How to understand and resist the Trump administration’s executive orders on immigration was a central theme at a JCC community forum this week in San Francisco.
About 100 people gathered on Feb. 21 for a panel discussion of civil and minority rights in the Donald Trump era. Moderated by Peter Waldman of Bloomberg News, the panel featured four members of the community whose paths don’t ordinarily cross in daily life.
Rabbi Peretz Wolf-Prusan of Lehrhaus Judaica sat next to Madihha Ahussain, staff attorney with Muslim Advocates, an organization that supports that community, especially when dealing with hate crimes. “I kind of expected to be with a Jewish lawyer from the ACLU, and I expected an immigration attorney,” Wolf-Prusan said, referring to the other two panelists, but “I didn’t expect this. Here’s a trajectory of history: We’re sitting here together.”
Bringing up the widespread airport protests earlier this month as a moment of unity in the anti-ban campaign, Wolf-Prusan asked Ahussain what she now made of her appearance at a Jewish community center. “An attack on any community is an attack on all of us,” Ahussain replied. “I hope that collaboration and our unity can also be done in a time of celebration and not just a time of difficulty.”
The panelists spoke at length about the impact the travel ban might have on Californians and immigrants, especially as the Trump administration is preparing a new series of executive orders. They also offered advice on how to take action or resist.
The executive orders discussed included the travel ban on immigrants from seven Muslim-majority countries (temporarily blocked by the courts), the construction of a border wall with Mexico and the broadening of federal deportation authority.
“When bullying and bigotry become enshrined in the law in the president’s executive orders, and more so in today’s deportation guidelines from the [Department of Homeland Security], the effect is sort of like a ‘fog of war’ disorienting, and rendering a feeling of helplessness,” Waldman said.
The panelists also discussed historical parallels — such as the internment of Japanese American citizens during World War II, the Chinese Exclusion Act and the ban on Jewish immigrants beginning in the 1920s — as well as personal anecdotes about their own immigration experiences.
“I am an immigrant myself,” said Grisel Ruiz, a staff attorney at the Immigrant Legal Resource Center in San Francisco. “I am certainly sitting in more of a position of privilege because I am a U.S. citizen today — but when I first came to this country when I was 2 years old I was undocumented, my parents were undocumented. Because of what some people call amnesty, [what] I call luck, I am sitting here now with status.”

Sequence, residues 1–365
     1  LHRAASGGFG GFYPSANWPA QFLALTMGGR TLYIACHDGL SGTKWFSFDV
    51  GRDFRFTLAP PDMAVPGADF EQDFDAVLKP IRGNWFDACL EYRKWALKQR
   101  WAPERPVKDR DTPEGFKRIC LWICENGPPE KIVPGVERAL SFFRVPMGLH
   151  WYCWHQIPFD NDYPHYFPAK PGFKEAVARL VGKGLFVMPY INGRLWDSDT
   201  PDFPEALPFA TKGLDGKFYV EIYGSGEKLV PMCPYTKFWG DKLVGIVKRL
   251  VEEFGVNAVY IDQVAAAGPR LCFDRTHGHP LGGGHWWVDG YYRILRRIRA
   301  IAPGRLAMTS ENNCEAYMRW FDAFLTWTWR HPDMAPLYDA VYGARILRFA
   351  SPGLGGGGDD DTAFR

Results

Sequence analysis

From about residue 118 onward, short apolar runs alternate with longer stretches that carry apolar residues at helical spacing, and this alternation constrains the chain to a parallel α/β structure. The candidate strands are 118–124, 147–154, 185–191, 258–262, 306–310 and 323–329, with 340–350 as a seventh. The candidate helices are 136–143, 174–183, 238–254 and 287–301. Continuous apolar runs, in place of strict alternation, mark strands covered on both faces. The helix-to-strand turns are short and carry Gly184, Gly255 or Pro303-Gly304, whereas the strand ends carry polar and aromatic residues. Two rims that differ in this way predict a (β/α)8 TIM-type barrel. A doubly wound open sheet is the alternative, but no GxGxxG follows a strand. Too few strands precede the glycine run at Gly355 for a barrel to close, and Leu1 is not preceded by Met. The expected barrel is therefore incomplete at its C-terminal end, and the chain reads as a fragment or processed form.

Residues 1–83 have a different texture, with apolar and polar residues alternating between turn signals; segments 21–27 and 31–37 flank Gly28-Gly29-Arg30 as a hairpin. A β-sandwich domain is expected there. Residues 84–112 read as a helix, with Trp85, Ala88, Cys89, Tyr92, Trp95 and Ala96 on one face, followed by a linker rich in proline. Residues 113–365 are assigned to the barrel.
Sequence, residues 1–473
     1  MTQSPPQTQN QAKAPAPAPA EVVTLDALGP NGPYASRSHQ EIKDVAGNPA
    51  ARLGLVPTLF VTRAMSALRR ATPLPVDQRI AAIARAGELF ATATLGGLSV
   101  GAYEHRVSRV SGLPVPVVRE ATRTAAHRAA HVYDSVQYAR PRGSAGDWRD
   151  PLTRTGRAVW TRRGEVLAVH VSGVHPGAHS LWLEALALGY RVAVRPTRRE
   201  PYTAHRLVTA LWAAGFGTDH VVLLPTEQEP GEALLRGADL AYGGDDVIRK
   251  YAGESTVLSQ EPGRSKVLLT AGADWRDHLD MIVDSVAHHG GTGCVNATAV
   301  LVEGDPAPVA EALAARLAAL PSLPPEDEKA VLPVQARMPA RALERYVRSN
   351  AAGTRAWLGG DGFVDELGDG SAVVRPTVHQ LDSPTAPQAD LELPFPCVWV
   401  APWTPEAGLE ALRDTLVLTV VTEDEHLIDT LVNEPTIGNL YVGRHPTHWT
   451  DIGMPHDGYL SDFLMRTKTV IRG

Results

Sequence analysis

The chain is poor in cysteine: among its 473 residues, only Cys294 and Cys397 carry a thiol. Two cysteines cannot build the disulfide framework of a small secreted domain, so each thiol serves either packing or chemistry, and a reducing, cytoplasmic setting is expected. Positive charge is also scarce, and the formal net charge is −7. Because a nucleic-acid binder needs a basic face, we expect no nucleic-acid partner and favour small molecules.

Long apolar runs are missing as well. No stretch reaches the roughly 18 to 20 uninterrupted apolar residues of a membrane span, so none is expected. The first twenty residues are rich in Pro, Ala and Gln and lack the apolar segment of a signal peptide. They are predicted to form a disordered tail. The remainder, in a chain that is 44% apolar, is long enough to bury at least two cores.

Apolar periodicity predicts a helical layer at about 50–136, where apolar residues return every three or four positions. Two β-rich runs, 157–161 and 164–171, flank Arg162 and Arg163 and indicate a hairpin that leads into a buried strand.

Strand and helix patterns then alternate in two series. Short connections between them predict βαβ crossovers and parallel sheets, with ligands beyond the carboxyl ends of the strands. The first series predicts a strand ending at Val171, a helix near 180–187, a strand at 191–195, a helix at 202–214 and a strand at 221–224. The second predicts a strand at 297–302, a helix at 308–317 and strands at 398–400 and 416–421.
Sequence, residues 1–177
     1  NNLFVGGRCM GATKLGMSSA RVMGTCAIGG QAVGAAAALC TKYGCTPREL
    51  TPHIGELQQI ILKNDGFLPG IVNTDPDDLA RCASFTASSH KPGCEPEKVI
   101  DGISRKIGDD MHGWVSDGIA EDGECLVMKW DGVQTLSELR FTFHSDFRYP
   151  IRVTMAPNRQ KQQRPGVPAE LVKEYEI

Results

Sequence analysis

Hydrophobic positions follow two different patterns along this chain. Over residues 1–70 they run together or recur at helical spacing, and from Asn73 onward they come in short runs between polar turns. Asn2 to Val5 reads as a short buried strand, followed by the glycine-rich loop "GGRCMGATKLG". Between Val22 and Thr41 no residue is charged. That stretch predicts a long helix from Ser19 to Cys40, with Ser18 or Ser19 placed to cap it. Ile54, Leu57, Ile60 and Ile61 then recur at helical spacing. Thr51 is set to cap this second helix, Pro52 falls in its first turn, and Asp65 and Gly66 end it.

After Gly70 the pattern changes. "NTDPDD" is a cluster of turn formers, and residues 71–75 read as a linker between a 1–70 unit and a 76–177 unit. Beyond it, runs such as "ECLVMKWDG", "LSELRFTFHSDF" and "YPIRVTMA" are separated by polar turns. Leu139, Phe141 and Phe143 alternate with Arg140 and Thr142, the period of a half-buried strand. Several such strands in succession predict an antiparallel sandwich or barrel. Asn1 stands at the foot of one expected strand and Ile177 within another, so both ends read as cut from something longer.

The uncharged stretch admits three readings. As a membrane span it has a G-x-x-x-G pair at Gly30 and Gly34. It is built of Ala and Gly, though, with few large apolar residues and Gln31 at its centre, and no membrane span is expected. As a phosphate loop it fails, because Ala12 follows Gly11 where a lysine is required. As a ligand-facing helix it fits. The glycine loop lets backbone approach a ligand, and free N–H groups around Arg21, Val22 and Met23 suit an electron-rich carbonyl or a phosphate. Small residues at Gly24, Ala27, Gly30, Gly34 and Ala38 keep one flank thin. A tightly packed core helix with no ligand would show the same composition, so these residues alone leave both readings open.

I am certainly sitting in more of a position of privilege because I am a U.S. citizen today — but when I first came to this country when I was 2 years old I was undocumented.
The most contentious issue raised came from an audience member who expressed concern about the potential terrorism threat from refugees and how much weight President Trump’s authority should be given.
Attorney Jonathan Blazer, advocacy and policy counsel to the ACLU, said the courts recognize that the president has a great deal of discretion, despite the string of appellate court decisions halting Trump’s travel ban.
However, “President Trump and his lawyers were not able to offer any rational basis or shred of information that would enlighten the court as to why this particular policy makes our country safer,” Blazer said. “They told courts across the country, ‘I don’t have to tell you anything … and we’re not sharing why.’ ”
Wolf-Prusan called the audience member’s question “anxious,” and while acknowledging that anxiety as legitimate, offered a cautionary note about the perils of marginalizing minorities with the words of German Protestant pastor Martin Niemöller: “Then they came for me — and there was no one left to speak for me.”
For those interested in taking action, Wolf-Prusan announced a number of rapid response trainings hosted by Faith in Action Bay Area that prepare communities to respond to Immigration and Customs Enforcement actions. He particularly encouraged attorneys to participate — “ ‘I am a lawyer’ works in all languages,” he quipped.
The original conception for the panel discussion led to a controversy earlier this month when organizer Barbara Lane, former director of Arts & Ideas for the JCC, resigned her post. At the time she told J. that the JCC had canceled the event because there were internal concerns about alienating the organization’s conservative donor base.
CEO Marci Glazer told J. that it is JCCSF policy not to comment on employment matters but posted an open letter to the community, which said the decision to delay the panel was due to the need for additional planning and security concerns.
At the event, Waldman thanked Lane for her work putting the evening together.